In India believers have some undefined dislike towards animal products into places of worship. They are not allowed into temples and places of worships. I really don’t buy the idea of we all started as vegetarians and animal lovers, but I feel they are introduced into the religion to convince the followers to show god loves animals too.
Major three or four religions in India want its followers to be vegetarians. Most of the followers successfully convince their gods, that they will be vegetarians on specific days of the week (Fridays Lakshmi, Saturdays Vishnu etc).I saw so many of them while ordering in a hotel “two Rotis … and then …hmm… today what ..??Tuesday… alright … Butter chicken!”.
People don’t enter temples if they had taken any non-veg that day, and most of them can’t explain why?
These all confusing rules, people made them and the same people find loopholes not to follow them, Then why to have them at all. Why restrict only to temples.
There are some more of them
Kerosene are not supposed be used in any of places of worships. They are considered to be animal product, came into form by tones of animals and plants died billions of years ago.
Sugar is not used in any of the Hindu religious ceremonies. The reason is sugar is prepared from Jaggery, and while doing it they polish jaggery with some animal product (I guess it is leather). So any sweet is cooked is using Jaggery directly.
I have listed certain things which are missing in those rules.
All gods and goddesses wear silk. All Shwethambaras and Peethambaras presented to gods are silk, which are results of boiling thousands of silkworms. Similarly honey, which is obtained killing or burning thousands of honeybees. Continue reading “Believers and ‘one day vegetarians’”→
There is some classification I made about food habits, keeping vegetarians in mind, with some information available over net. Here they are.
Fruitarians. – These people eat fruits, seeds and raw roots (sweet potatoes etc). The Hindu (including Buddhist and Janis monks) we heard, meditating in Himalayas and jungles are supposed to be eating only these. This category need not to be included, because I feel such people don’t exist now or did not exist.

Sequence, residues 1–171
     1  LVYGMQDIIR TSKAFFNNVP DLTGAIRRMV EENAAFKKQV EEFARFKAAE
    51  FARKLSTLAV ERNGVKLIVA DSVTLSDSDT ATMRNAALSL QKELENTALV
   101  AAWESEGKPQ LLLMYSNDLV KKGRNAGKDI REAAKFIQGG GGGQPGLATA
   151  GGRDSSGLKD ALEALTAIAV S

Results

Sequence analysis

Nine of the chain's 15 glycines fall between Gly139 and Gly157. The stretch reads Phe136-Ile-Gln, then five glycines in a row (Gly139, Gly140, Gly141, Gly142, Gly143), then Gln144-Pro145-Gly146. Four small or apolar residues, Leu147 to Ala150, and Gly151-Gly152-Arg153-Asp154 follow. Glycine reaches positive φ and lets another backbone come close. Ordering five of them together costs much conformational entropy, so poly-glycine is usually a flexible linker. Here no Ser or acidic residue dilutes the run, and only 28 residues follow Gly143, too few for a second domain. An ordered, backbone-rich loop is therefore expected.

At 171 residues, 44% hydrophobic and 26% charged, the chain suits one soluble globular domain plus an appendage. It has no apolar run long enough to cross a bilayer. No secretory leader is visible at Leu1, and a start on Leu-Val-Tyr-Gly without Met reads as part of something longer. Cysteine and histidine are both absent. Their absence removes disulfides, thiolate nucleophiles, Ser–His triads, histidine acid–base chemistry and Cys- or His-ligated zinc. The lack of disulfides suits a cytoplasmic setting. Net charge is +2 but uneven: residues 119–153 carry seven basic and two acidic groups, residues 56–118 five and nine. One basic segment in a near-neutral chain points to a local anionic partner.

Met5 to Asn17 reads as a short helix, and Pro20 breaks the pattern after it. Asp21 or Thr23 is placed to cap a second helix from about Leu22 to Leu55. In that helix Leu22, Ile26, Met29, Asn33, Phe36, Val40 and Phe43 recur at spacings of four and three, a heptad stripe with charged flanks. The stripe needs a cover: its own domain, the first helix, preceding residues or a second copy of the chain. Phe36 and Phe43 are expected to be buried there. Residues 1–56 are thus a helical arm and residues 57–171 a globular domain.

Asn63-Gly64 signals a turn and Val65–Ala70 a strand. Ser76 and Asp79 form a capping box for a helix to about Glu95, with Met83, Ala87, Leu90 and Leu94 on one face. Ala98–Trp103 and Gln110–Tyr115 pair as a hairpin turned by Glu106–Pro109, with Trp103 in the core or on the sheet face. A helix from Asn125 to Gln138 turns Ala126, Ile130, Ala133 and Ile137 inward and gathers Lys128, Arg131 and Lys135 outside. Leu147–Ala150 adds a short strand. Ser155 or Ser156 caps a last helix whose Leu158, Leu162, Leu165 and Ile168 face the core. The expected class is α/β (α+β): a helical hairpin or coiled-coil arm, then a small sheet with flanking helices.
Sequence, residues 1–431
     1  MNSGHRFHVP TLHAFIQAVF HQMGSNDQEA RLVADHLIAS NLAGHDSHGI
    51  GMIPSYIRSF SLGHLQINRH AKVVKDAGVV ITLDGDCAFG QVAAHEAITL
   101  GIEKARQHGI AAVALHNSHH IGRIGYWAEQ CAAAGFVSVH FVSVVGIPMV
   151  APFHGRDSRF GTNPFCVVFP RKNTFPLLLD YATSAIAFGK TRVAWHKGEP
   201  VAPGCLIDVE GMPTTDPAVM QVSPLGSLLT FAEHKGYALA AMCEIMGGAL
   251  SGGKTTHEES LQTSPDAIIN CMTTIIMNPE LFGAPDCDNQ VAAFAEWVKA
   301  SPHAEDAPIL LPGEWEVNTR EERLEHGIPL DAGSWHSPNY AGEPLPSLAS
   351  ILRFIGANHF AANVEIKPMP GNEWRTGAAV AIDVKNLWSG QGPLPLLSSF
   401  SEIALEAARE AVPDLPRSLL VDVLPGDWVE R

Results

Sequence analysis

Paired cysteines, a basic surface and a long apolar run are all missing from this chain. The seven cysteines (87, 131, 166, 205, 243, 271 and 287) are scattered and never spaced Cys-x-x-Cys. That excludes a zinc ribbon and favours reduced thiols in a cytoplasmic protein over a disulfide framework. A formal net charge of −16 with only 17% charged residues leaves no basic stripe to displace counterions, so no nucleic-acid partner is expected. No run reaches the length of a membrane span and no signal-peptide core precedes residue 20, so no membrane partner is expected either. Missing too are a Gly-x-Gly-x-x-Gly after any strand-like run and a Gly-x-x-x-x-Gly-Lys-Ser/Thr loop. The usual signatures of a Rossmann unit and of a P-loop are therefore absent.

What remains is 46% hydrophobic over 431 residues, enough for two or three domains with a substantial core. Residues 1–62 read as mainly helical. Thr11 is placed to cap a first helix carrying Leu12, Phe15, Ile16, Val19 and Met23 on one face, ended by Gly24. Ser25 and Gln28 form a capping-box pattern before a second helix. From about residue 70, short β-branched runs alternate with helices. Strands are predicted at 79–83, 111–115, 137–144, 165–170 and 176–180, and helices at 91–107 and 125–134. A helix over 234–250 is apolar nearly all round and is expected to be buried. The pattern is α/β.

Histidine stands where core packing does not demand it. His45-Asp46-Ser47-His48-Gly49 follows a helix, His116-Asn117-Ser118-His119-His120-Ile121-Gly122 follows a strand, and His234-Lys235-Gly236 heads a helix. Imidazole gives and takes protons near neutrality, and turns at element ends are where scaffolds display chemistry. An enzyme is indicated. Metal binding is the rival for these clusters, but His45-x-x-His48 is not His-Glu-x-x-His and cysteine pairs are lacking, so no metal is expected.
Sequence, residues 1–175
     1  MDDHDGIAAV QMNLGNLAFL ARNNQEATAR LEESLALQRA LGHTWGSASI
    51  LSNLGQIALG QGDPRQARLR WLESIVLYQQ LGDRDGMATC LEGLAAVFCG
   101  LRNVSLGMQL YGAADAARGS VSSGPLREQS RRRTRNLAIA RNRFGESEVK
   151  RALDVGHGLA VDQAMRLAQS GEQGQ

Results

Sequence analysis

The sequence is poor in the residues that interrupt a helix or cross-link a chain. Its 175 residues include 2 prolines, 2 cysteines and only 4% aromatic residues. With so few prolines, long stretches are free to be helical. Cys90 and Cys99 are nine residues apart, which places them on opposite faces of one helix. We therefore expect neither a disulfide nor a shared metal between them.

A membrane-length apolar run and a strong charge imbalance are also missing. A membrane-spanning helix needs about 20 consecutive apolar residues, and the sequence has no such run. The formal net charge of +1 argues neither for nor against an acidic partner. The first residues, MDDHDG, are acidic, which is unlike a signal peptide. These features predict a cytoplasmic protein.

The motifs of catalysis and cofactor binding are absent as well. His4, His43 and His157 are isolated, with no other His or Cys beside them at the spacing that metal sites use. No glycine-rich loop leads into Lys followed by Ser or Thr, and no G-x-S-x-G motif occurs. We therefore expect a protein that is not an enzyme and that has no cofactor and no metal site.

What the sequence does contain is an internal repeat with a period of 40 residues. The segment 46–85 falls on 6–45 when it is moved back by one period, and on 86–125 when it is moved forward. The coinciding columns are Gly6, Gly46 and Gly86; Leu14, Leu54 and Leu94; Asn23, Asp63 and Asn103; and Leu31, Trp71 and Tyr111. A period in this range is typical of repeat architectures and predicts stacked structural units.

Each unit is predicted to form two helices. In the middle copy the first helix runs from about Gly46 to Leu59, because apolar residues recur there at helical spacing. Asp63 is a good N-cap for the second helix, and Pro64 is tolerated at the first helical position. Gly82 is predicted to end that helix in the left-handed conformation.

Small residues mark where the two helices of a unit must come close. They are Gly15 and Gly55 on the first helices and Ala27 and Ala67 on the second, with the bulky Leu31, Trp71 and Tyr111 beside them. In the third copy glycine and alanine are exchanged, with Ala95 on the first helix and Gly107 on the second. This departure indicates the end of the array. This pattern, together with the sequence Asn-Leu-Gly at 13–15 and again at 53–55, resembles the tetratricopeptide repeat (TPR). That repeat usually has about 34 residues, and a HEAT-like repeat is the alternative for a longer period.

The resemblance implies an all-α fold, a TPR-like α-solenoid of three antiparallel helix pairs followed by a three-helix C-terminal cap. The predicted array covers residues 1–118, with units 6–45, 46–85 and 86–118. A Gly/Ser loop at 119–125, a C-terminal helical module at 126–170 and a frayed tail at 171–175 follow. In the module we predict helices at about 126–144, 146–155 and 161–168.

Raw/living foodists Eat major part of the food uncooked, or just warmed. (Again this category wouldn’t have existed, if doctors dint ask them to do.
Brahmins – One of the loosing definitions in India. There is a special reason I categorized them separately, instead of naming them in vegetarians. They in addition to not eating meat, they also don’t eat onions (for the reason of, the organic fertilizers used in these farms are human wastes), papaya, chilly (since these are of Indian origin), sugar (since animal product is used to polish jagarry), boiled rice (since it is boiled twice) thus so many concepts. Some of them may be valid but most of them are outdated. For example. If sugar is not accepted, the leather products also shouldn’t get used. The food habits are driven by religious rules, not ethics. Dairy products are always OK.
Vegans. This is one of the concepts recently getting very popular in west. They don’t consume anything, which has something to do with animal. Along with not consuming meat, egg and dairy products, they don’t buy leather, wool, silk, honey etc. Ethics keeps these people on. If religiously some people fall into this category they are Jain and Buddhist monks.
Lacto vegetarians – those who don’t consume any meat but OK with dairy products. Vegetarians, what is referred in India (by caste and religions) are these. The argument is, milk is not a part of animal body and also they don’t get hurt, and the card runs here is – are all mammals are non-vegetarians? They do drink milk of its mother.
Lacto ovo vegetarians – Those who eat egg along with dairy products, but no meat. The argument is “egg is not animal, it dint born”, and the card played is – egg produced is not natural, these eggs don’t go and become chicken
Pesco – vegetarians (eat fish, no other meat), Pollo – vegetarians (eat no beef, but do eat poultry.) and all the possible combinations and permutations of above four might add up to… may be ten different food habits. However I don’t consider these as categories, since they are not backed by any strong arguments or ethics. Its just taste and allergies made them have those combinations. They are simply NOT vegetarians
Religious – NON – Vegetarians: these people give religious reasons to “not ” to eat some particular kind of meat. (Beef for Hindus, pig in Islam). However as an atheist, this concept does not make any since to me.
Non – vegetarians – anyone who dint restrict themselves to eat anything. Nice concept, but please spare Tom and Jerry.
Cannibals – You know them, yes Tax collectors.
Now if you ask me personally, I was mostly Lacto vegetarians and couple of years as Lacto ovo vegetarians. And I am trying to be a Vegan.